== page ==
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GP Week : Issue 126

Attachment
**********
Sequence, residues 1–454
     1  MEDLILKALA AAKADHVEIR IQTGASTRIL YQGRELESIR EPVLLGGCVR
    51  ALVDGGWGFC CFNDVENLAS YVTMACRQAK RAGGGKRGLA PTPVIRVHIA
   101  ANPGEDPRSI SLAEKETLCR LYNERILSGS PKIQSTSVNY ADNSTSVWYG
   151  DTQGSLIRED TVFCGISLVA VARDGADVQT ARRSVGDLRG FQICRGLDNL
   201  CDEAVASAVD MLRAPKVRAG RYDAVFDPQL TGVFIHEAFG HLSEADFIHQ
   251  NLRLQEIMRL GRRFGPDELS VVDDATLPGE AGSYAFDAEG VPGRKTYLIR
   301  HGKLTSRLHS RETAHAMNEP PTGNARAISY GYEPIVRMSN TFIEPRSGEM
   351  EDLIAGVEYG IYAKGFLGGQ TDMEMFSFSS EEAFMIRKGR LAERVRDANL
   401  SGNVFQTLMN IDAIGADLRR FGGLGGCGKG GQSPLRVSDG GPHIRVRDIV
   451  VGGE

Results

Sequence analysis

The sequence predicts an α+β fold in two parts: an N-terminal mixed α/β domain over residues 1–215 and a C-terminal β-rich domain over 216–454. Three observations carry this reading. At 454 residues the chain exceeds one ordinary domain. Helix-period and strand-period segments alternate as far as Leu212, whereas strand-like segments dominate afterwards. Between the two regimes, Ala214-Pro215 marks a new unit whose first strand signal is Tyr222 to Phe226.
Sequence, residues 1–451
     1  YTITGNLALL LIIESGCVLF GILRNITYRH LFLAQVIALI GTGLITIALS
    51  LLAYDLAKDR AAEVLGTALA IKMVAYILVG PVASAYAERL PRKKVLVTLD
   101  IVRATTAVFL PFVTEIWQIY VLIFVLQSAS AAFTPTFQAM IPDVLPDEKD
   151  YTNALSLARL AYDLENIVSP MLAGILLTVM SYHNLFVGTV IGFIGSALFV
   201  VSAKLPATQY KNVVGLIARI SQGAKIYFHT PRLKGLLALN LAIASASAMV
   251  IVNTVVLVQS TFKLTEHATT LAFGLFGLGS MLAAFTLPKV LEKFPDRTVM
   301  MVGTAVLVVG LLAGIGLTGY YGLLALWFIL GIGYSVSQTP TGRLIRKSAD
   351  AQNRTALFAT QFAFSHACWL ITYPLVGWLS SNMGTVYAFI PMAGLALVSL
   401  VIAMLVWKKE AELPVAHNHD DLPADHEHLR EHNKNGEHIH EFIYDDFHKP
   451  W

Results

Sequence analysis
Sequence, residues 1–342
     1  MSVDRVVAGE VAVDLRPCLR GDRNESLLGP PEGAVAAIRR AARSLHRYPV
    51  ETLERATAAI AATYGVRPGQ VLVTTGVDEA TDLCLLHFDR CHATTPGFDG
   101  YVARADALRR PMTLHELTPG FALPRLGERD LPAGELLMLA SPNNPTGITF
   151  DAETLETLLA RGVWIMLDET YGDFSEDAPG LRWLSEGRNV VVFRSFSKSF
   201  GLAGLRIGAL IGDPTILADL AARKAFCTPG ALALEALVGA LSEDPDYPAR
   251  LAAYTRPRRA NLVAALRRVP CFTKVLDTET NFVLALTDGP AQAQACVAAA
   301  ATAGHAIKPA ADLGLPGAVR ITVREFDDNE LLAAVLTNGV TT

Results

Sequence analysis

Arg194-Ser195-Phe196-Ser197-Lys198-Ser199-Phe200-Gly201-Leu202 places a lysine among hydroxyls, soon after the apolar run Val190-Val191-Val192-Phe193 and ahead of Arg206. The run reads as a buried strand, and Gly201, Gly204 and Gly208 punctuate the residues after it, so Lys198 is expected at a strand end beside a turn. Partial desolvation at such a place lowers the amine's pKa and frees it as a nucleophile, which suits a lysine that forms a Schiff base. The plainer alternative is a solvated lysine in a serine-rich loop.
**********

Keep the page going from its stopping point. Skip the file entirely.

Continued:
WRC PREVIEW >> New in the 2011 rally season are the Group R4 rally cars, conversions of cars running under the old N4 Class. The intention is to make the traditional turbocharged Mitsubishi and Subaru cars more competitive with the old generation and much more expensive 2-litre normally aspirated Super 2000 cars. Until the end of 2009, the N4 class cars ran with a 32mm restrictor, but there was a marked performance shortfall over many conditions found round the world, so at the start of the 2010 season the differential was reduced when 33mm restrictors were permitted, but still there was a general shortfall. More radical modifications were required, especially as the two types of car ran together under the same old class system. Meanwhile at the start of the 2011 season the FIA changed the class systems, so that now the old N4 specification cars would run alone in the new Class 3, the cars modified into the new R4 rules would run in Class 2 together with old generation Super 2000 cars, while the new generation (1.6 turbo, direct injection) Super 2000s would run alone in Class 1. Neste Oil Rally Finland will see the first time that the Mitsubishi and the Subaru R4 cars face each other in the WRC. The basic procedure is for existing Group N car which are authorised for use in Class 3. When the upgraded kit is added it becomes an R4 and is authorised to run in Class 2. There are specific areas allowed in this upgrade: longer travel suspension with revised geometry, lighter weight generally, stiffer chassis and improved under-bonnet cooling. Engines have to be unchanged and 33mm restrictors fitted. Cars can be upgraded privately by competitors using officially supplied components or by authorised preparation companies. Both Mitsubishi and Subaru have homologated the changes which can be used on two models – the Evo IX and Evo X, and the familiar five- door (hatchback) Subaru GRB and the newer four-door GVB models. Modifications can be carried out piecemeal but must always feature side door protection foam inserts. In the case of Mitsubishi, the upgrade work was aimed at providing budget- friendly conversion work and homologation was granted as of April after development work as a joint venture between Ralliart Italia and MML Sports in Britain. There were initial difficulties with the FIA because of a conflict of rules as to whether the R4 cars could run in WRC events with other than Michelin control tyres, and eventually the teams were told they could not. The first appearance of a Mitsubishi Evo X R4 was in Sardinia with Matti Rantanen. The total weight saving for both the Evo IX and Evo X models is reckoned to be about 60kg. The extended top mounts of both the front and rear suspension allow improved castor angles rather than increasing wheel travel. In the case of Subaru the two new bonnet orifices have had a marked effect on the engine performance. It is claimed that under bonnet temperatures themselves have been reduced by 30-40 degrees. Considerable work has been done with the suspension including a completely new subframe, roll cage stiffening, extended wheel travel and strengthening of the suspension with wider use of spherical bearings. It is claimed that the car is nicer, stronger and quicker to drive and up to 75- 80kg lighter! The debut of the car was the IRC event in Corsica with Toshi Arai while PG Andersson makes the debut of the car in the WRC in NORF this year. Development of Group R4 cars is continuing apace, and the benefits – and the corresponding performance equivalence with Class 2 Super 2000 cars – are still hard to define, and in any case are still highly dependent on the rally conditions, but certainly R4 cars are generally about between 0.6 and 1.0 second/kilometre faster than their basic N4 versions and still seem to be slower than the Class 2 S2000s. At this time R4 is going fine, but R- GT (Class 4, for sports cars) has not progressed. Here come the R4 cars ...